Are self-driving cars really as safe as tech experts would like to argue? Based on another recent crash involving Google’s self-driving car, it seems that these vehicles aren’t as reliable as vehicle manufacturers suggest.
According to Time, Google’s self-driving cars have been involved in more than a dozen car accidents since the company began creating the vehicles and putting them on the road in 2009.
The key detail that Google argues, however, is that none of the accidents have been Google’s fault. In all of the cases, Google argues that human errors of the other drivers on the road were to blame for the accidents.
In certain types of car accident situations, this isn’t surprising. When commercial trucks are involved in an accident, for example, human error typically plays a role in the crash 90% of the time.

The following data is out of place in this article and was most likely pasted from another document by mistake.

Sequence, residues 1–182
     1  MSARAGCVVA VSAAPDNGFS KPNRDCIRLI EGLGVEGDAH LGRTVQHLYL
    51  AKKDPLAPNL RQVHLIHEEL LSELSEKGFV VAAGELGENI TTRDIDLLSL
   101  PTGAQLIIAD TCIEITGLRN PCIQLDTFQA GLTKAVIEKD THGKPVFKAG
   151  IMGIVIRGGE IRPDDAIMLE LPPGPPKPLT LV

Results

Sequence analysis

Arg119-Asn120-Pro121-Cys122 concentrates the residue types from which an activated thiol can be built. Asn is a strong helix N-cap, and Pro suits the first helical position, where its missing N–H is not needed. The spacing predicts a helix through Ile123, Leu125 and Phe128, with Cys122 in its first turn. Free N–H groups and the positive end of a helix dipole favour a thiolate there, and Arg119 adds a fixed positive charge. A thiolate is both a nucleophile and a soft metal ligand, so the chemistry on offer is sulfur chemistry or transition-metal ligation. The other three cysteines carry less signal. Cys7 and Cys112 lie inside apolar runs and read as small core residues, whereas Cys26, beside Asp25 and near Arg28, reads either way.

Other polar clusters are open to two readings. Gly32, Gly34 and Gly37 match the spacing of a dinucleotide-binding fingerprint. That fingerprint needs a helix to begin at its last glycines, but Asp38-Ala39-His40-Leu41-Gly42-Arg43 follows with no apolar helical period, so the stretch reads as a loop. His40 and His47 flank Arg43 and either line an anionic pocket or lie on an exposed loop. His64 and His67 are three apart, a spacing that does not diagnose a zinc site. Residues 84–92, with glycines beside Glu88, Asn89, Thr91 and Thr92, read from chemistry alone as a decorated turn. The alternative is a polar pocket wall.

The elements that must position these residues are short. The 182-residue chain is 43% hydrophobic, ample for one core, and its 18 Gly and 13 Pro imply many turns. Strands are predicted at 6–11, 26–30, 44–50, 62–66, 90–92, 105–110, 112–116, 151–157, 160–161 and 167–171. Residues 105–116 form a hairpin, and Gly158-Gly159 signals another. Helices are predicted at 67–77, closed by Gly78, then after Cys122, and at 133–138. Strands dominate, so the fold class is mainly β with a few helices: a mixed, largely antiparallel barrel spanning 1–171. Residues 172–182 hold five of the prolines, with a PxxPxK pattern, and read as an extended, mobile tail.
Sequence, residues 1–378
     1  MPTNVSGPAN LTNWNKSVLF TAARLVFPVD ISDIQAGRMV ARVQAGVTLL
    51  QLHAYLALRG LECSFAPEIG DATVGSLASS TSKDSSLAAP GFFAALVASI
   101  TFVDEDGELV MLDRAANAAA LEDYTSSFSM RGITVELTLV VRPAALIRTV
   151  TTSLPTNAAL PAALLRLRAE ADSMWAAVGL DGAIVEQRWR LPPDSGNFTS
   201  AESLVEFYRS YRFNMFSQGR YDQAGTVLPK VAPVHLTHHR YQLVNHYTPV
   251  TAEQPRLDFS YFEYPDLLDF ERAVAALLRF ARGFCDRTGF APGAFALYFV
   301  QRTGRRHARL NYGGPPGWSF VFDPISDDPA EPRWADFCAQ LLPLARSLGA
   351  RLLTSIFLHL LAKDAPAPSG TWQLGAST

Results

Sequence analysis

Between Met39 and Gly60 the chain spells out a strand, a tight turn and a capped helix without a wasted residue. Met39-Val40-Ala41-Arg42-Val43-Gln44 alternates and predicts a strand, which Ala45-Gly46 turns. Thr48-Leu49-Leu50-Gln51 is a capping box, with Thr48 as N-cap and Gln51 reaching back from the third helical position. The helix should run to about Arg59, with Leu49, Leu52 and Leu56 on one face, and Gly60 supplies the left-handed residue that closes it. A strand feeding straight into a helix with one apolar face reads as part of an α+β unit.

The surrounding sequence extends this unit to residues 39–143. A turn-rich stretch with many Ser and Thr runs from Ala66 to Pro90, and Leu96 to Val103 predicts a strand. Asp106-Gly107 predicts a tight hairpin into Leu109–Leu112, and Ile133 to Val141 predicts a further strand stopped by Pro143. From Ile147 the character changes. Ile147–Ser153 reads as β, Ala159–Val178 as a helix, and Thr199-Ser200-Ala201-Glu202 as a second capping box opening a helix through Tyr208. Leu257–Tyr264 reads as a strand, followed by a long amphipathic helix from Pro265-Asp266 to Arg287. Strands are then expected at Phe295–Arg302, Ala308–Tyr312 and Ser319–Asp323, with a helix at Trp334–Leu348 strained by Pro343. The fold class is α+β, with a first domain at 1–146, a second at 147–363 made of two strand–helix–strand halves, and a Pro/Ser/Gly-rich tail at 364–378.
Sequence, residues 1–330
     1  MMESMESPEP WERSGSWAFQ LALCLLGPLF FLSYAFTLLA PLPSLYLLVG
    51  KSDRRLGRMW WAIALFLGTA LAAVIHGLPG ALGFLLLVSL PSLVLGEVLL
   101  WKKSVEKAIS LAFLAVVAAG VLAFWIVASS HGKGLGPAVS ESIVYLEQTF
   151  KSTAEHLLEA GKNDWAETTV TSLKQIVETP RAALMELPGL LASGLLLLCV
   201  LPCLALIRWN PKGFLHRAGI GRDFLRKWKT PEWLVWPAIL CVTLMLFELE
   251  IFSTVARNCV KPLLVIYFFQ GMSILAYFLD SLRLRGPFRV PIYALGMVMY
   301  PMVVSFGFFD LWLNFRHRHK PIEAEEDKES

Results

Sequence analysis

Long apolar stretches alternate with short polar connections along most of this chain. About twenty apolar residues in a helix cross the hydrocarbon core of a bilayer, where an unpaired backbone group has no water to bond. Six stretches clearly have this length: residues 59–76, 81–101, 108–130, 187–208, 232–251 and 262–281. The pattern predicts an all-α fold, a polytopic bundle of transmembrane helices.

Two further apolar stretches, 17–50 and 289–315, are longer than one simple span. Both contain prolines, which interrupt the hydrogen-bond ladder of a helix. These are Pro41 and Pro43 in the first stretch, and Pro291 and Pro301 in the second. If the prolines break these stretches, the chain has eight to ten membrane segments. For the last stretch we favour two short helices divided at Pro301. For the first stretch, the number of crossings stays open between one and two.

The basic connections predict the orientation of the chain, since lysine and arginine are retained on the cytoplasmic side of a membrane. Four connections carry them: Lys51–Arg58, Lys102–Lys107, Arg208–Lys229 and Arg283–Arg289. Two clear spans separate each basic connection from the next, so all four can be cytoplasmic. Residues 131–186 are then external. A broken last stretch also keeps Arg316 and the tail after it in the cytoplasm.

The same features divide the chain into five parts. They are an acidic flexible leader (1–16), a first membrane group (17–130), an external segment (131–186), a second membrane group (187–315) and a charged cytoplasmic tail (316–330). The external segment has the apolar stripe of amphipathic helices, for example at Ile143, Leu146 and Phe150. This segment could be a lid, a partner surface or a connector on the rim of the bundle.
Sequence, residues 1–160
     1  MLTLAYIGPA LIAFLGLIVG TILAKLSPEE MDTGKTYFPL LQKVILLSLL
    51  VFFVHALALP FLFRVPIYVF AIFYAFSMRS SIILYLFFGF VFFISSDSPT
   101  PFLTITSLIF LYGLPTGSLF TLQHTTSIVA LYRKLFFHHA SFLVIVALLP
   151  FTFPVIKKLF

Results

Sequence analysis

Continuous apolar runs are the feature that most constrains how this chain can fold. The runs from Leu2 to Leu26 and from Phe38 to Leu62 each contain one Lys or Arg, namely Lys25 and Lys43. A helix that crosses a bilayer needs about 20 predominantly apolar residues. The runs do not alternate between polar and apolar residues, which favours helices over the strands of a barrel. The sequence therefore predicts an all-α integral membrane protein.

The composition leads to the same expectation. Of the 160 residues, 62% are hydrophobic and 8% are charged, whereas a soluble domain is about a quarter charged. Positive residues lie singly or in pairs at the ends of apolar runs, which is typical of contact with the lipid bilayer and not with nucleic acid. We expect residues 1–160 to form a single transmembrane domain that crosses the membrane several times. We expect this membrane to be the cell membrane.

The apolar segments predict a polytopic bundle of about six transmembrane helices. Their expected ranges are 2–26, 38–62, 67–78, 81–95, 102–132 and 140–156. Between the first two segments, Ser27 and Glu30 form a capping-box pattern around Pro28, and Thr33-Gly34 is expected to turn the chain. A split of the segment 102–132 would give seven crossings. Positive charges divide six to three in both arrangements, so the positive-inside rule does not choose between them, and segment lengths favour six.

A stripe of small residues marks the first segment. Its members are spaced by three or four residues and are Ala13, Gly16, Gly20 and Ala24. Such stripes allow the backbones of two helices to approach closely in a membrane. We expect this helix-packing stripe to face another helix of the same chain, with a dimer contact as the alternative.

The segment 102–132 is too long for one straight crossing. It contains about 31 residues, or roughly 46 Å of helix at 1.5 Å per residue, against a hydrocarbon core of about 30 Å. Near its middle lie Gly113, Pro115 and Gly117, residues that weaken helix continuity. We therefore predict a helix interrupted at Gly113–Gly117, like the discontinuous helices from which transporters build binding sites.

Chris Urmson, the head of Google’s self-driving car project, recently wrote about the latest accident on the website Medium. Unlike the previous accidents, this accident involved injuries.
Reports from Business Insider and CNN state that a Google vehicle was rear-ended at an intersection near Mountain View, California, where the company headquarters building is located. The traffic light was green, Urmson said, but due to heavy congestion, the Google car and the two cars in front of it would not be able to pass through the intersection without causing a gridlock for the cars driving perpendicularly.
The driver of the fourth car — the car behind Google’s car — reportedly didn’t see the traffic congestion ahead, and he drove into the Google car at 17 mph without braking.
Although everyone involved in the accident was fine, save for some “whiplash,” the question still remains — how safe are self-driving cars? Even if the self-driving car itself isn’t to blame, and even if the accident could have happened with any other human-driven car, it seems that the safety statistics car manufacturers promote might not be as accurate as they seem.